Fig. 4 illustrates the results for three sample amplitude designs (0.5, 0.8, 1.1 mm, Fig. 4A). In Fig. 4B, the Von Mises (MPa) stress contour plots are shown. The fibre layer experiences higher stress magnitudes compared to the silicone matrix at 10 mmHg up to 130 mmHg. Importantly, maximum Von Mises stress does not exceed 4 MPa for any of the designs including the 80 mm model. An exception to this can occur on the sector end faces where artificial stress concentrations may arise. Upon investigation of these few areas, they can be dismissed due to artefacts arising from localised areas of poor mesh quality.
image file: d0bm02169e-f4.tif
Fig. 4 Effect of amplitude on stress and radial displacement (A): CAD line drawing of 0.5, 0.8, 1.1 mm sample amplitude designs. (B) Von Mises (MPa) stress contour plots for the three amplitude designs at 10 mmHg and at 130 mmHg (note: external sector view). (C) Radial displacement (mm) contour plots for the inside and outside surfaces of the three amplitude designs at a pressure of 130 mmHg. (D), xy plots of radial displacement (U1) vs. pressure for the three different sample amplitudes.

In Fig. 4C, radial displacement contours are plotted. As expected, radial displacement is higher on the luminal side (0.845 mm for the 0.8 Amp) of the conduit compared to abluminal surface (0.673 mm for the 0.8 Amp) which will give rise to higher internal compliances compared to external, Fig. 5D. The larger internal radial displacements can be attributed to slightly larger Von Mises stresses on the inside surface. Also, radial displacement is supressed on sector ends. This is due to the boundary constraints applied which are designed to mimic a full-length experimental model, i.e., attachment to luer connectors.

image file: d0bm02169e-f5.tif
Fig. 5 Composite design vs. plain silicone (a): varying amplitude vs. internal compliance plots for the same conduits shown in Fig. 4C (fibre material – Filaflex-82A). Arterial compliance values from the literature (red circles) that are also outlined in Fig 1A(i) are plotted for comparison. (B) Plain silicone (SmoothSil-940) varying wall thickness vs. internal compliance. (C) Fibre stiffness (82A or 95A) vs. internal compliance. (D) External vs. internal diameter compliance for three sample amplitudes (0.5, 0.8, 1.1 mm) from C.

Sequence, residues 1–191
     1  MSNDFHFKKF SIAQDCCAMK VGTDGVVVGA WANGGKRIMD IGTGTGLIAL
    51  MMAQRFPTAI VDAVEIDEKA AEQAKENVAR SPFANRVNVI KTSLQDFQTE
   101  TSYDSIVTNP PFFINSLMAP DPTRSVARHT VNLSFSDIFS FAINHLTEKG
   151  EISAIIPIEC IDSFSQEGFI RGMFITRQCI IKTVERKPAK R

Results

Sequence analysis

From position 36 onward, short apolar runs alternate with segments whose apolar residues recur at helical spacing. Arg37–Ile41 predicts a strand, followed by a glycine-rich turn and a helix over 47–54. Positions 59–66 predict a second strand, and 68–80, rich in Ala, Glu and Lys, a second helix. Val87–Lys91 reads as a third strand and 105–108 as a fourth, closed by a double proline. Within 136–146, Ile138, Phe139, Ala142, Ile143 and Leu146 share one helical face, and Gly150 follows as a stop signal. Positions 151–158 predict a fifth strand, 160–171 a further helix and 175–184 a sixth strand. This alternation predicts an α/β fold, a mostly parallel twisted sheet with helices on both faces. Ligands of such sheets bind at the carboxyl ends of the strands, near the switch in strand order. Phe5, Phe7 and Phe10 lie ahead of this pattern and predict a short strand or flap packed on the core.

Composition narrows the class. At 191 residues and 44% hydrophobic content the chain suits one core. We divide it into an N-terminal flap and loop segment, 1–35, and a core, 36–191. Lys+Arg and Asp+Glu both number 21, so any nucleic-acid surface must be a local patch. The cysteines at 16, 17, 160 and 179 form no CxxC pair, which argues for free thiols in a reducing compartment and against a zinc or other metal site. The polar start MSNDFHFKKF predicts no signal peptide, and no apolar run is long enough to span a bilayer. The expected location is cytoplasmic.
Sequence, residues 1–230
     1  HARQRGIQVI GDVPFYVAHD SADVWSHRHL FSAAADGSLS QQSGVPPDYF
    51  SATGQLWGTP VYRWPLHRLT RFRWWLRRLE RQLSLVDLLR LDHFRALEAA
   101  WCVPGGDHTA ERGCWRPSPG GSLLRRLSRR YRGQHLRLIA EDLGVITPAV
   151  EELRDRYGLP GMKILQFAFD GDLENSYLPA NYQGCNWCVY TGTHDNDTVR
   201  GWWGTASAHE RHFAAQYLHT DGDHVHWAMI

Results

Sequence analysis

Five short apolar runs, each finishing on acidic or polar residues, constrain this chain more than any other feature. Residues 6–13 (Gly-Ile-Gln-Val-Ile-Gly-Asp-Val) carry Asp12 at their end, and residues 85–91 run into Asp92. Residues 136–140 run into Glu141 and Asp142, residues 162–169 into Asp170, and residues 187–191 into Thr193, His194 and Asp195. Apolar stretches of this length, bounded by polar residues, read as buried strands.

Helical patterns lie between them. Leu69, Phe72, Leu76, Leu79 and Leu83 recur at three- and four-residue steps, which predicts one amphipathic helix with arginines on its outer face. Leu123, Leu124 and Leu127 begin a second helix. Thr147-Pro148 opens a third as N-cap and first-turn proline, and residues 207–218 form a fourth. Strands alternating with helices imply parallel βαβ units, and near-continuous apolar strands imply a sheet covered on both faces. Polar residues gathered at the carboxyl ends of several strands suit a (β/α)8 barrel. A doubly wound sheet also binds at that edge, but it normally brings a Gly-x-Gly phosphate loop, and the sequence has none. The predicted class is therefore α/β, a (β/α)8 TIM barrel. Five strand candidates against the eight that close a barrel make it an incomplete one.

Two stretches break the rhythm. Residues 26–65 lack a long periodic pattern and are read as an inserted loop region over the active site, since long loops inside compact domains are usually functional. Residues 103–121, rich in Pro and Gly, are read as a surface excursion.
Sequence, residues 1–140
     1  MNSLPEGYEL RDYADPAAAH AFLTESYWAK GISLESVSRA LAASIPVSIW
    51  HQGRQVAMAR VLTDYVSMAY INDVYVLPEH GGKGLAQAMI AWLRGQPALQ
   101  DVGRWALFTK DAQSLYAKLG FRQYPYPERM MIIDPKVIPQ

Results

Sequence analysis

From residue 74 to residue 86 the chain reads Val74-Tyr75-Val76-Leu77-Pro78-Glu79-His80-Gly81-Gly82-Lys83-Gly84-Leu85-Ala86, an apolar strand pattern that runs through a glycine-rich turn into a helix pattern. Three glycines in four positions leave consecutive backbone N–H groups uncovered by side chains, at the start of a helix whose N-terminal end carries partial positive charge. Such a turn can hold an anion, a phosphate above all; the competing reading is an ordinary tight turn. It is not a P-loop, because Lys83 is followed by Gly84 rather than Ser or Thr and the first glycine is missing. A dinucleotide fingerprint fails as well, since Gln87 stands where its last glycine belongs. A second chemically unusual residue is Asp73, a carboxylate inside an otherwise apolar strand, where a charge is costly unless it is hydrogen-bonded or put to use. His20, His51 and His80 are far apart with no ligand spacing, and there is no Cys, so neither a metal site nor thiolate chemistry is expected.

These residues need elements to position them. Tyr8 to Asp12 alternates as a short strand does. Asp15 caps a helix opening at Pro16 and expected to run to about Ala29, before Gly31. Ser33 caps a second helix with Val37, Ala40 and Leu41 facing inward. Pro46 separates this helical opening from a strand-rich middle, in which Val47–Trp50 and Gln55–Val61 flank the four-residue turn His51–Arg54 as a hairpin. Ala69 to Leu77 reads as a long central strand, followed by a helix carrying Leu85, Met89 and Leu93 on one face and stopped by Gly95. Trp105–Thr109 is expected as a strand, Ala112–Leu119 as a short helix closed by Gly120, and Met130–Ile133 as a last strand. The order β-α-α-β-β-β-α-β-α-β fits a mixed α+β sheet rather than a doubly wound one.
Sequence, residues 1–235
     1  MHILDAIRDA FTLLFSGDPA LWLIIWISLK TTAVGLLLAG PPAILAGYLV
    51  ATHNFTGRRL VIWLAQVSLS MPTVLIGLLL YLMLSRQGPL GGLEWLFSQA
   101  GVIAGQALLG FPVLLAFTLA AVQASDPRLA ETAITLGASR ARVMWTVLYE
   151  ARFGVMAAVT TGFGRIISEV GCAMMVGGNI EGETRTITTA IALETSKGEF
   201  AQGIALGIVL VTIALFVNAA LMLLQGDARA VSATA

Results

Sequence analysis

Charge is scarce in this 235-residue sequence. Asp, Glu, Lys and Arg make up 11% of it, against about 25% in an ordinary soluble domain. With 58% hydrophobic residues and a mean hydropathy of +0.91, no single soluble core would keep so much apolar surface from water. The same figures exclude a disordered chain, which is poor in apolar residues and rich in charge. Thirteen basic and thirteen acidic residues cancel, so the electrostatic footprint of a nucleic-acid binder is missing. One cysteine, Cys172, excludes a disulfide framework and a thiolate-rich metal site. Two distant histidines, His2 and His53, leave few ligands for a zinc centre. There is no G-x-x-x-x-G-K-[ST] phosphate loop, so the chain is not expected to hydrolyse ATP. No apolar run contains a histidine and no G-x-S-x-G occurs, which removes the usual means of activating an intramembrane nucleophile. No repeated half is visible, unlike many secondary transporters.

In Fig. 4D, radial displacement values are plotted (mean ± SD) for the designs illustrated in the contour plots in Fig. 4C. Displacements are from the central cell node patch located in the middle third of the conduit, Fig. 4C. The patch encompasses nodes from silicone and fibre areas for a representative result. Note, the variation in radial displacements are very small and difficult to differentiate using only contour plots. Hence, the variations are better understood by the standard deviations plotted in Fig. 4D. There is more radial displacement variation on the abluminal surface compared to the luminal surface for all amplitude designs, e.g., 0.579–0.673 mm radial displacement for the abluminal surface of 0.8 Amp versus 0.805 mm–0.845 mm for the luminal surface. Radial displacements are also initially negative at 0 mmHg because of the pretension load. For context, the preload resulted in an average axial strain of 0.79% for the 1.1 Amp design. Finally, the displacement plots are non-linear and exhibit a similar shape to human vessels in ref. 24 and 28.

Conduits (8 mm I.D.) with internal radial compliances in the range 5.24–15.87%/mmHg × 10−2 at a mean pressure of 100 mmHg can be produced simply by varying fibre amplitude (fibre material modelled as Filaflex 82A), Fig. 5(A). This range encompasses compliance values of many human arteries 2.6–15.89%/mmHg × 10−2, recorded in the literature, as outlined in Fig. 1A(i) and plotted here in Fig. 5(A)-red circles. Arterial compliance varies according to factors such as artery source and species, type, anatomical location, size, age, degree of healthiness, biological variation, and variation arising from the experimental methods used to characterise compliance.

The largest amplitude (1.4 mm) design results in the highest compliance across all mean pressures. At 20 mmHg, the 1.4 mm amplitude has a high compliance of 46.59%/mmHg × 10−2 and at 110 mmHg, it has a compliance of 14.14%/mmHg × 10−2. The 1.4 mm design also results in the greatest reduction in compliance (20.24%) compared to other amplitudes. The smallest 0.2 mm amplitude results in the lowest compliance of all designs and demonstrates an almost constant compliance response. The mean compliance across all pressures for the 0.2 mm amplitude design was 5.59%/mmHg × 10−2. This can be attributed almost solely to the stretching of the circumferential fibres due to their low amplitude. The 0.2 mm amplitude result reinforces the requirement to utilise a larger amplitude wave to ensure preservation of the non-linear exponentially decaying compliance response.